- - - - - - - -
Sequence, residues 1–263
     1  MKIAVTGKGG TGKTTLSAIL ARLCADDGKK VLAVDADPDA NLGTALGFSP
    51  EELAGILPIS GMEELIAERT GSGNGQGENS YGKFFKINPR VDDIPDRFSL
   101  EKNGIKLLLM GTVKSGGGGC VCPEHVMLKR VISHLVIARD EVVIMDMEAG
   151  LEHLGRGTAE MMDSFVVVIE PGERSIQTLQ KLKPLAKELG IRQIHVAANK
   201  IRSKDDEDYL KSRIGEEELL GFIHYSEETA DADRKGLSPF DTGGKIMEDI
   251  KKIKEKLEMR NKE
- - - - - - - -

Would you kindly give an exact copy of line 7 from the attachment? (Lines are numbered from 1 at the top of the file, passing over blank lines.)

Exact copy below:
   251  KKIKEKLEMR NKE